Simon Henderson is the Baker fellow and director of the Bernstein Program on Gulf and Energy Policy at The Washington Institute, specializing in energy matters and the conservative Arab states of the Persian Gulf.
The emirate's transition to a new generation of younger leaders continues, with uncertain implications for Doha's foreign policy and relations with Washington.
The new ruler of the strategically important Gulf state of Qatar, Sheikh Tamim bin Hamad al-Thani, has moved swiftly to replace the prime minister and foreign minister, Sheikh Hamad bin Jassim al-Thani (a.k.a. HBJ), a longtime interlocutor with Washington. The change, which follows yesterday's abdication by Emir Tamim's father, Hamad bin Khalifa al-Thani, will be watched closely to see whether it affects Qatar's activist policy toward Syria, its backing of Hamas in Gaza, its financial support for the Morsi government in Egypt, and its high-profile international investments. Washington will also be concerned about retaining access to the giant al-Udeid Air Base outside the capital, which is extensively used by the U.S. Air Force.
Speaking on national television today, Tamim stated that he would follow in the path of his father, and that his country would not "take direction" in foreign affairs. He also noted that Qatar would respect "the sovereignty and integrity of all Arab lands" while remaining committed to the Palestinians in their struggle with Israel. He made no mention of the conflict in Syria.
The new prime minister, Sheikh Abdullah bin Nasser bin Khalifa al-Thani, has a security background and formerly served as minister of state for interior (a cabinet-level post). In his new role, he will also take on the more senior portfolio of interior minister. The new foreign minister is Khalid bin Mohammad al-Attiyah, who previously served as minister of state for foreign affairs (another cabinet-level post) and is widely regarded as the point man for the country's support of opposition fighters in Syria.
Like the new emir, who is only thirty-three years old, the new prime minister and foreign minister represent a new generation of leadership in a state that has the highest per capita income in the world, a consequence of huge natural gas reserves that include an offshore field shared with Iran. Another new appointment is Ali Sherif al-Emadi as minister of finance and economy; he comes to the post after working as chairman and chief executive of Qatar National Bank. The minister of energy and industry -- Saleh al-Sada, the key man on gas -- is unchanged.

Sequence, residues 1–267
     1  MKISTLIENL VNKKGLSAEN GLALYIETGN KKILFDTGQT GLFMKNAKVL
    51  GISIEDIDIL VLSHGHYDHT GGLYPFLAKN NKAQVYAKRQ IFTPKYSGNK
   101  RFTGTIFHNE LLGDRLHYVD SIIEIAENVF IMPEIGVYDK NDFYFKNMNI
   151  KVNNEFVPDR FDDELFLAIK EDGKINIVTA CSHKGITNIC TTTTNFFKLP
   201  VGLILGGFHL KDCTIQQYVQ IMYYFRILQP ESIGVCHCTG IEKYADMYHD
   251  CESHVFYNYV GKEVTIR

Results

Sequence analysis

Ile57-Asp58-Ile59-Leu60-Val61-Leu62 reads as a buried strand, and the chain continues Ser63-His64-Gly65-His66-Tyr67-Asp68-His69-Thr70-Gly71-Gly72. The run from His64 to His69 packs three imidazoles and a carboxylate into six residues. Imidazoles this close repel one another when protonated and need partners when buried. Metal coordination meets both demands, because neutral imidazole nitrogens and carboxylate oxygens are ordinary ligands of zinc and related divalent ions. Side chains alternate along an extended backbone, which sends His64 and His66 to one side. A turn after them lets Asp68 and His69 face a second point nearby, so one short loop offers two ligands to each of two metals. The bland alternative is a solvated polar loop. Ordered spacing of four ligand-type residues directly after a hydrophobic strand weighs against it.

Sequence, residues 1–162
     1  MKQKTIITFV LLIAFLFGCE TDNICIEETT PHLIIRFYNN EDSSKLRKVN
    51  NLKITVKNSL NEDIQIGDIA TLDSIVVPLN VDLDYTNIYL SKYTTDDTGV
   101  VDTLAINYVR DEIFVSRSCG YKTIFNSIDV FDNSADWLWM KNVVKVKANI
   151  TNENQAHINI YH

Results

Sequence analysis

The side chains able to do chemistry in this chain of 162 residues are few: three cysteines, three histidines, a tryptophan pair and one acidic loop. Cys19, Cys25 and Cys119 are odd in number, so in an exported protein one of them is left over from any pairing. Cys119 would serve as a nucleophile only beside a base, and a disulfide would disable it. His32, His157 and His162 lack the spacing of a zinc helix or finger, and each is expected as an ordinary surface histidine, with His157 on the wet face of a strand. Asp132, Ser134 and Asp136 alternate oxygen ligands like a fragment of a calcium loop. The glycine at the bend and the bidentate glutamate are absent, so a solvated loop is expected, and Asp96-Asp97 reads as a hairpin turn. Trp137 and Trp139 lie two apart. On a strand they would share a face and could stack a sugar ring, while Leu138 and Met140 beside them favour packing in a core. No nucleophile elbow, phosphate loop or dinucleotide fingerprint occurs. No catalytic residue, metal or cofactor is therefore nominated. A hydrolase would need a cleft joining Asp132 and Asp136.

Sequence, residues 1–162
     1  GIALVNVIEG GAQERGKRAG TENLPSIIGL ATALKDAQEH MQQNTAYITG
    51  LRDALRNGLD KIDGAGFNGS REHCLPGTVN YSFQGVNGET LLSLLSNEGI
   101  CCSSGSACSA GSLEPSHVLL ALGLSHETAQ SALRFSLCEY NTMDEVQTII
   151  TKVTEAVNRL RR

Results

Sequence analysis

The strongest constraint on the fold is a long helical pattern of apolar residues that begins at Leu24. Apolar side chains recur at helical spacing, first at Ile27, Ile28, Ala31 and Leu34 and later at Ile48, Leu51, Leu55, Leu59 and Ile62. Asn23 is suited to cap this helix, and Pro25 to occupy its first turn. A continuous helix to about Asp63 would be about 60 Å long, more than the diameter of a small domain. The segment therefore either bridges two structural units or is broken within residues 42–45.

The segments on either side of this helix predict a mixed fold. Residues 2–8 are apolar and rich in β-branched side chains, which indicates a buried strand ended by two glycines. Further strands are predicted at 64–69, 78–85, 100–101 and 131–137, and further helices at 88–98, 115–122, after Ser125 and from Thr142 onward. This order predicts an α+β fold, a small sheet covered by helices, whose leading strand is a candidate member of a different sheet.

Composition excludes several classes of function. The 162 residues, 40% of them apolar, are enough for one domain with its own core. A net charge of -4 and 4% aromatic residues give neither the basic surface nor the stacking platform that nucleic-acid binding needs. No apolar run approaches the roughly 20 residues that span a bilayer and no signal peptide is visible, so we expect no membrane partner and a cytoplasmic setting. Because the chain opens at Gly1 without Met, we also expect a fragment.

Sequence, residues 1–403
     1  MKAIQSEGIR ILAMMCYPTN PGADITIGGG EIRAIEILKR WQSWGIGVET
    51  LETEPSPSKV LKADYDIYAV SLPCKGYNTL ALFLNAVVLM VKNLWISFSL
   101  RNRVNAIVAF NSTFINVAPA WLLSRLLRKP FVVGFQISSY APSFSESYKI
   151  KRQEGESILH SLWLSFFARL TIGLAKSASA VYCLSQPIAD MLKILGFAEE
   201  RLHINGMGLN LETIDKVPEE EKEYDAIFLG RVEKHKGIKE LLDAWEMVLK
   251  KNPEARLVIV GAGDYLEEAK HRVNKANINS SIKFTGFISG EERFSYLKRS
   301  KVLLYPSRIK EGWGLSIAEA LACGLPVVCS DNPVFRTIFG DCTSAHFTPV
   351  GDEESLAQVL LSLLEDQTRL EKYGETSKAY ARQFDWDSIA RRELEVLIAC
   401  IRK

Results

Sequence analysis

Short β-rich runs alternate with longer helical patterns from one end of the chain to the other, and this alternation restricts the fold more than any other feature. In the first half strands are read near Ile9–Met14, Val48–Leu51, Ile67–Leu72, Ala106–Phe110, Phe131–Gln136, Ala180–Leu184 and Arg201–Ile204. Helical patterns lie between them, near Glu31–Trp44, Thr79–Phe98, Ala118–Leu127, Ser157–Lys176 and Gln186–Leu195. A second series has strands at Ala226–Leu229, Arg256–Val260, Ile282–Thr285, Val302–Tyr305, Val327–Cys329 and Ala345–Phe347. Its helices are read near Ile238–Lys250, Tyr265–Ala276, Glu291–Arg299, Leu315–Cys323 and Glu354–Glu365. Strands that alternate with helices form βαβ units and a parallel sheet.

It is not clear whether HBJ, the outgoing prime minister, will remain chief executive of the state-owned Qatar Investment Authority, the emirate's sovereign wealth fund. Chaired by Emir Tamim, the QIA holds more than $100 billion in assets, including stakes in Qatar National Bank, the London store Harrods, the oil company Royal Dutch Shell, a French soccer team, and prominent new buildings in major cities, including the Shard in London.
The leadership changes continue to be depicted as an evolutionary transition between father and son, though reports persist of concern for the outgoing emir's health. In addition, differences had apparently emerged between Tamim and HBJ, who had assumed a dominant presence in the Qatari government and was often mistaken by foreigners as the ruler. While Emir Hamad regarded such confusion as amusing, the joke is now clearly over.
Simon Henderson is the Baker fellow and director of the Gulf and Energy Policy Program at The Washington Institute.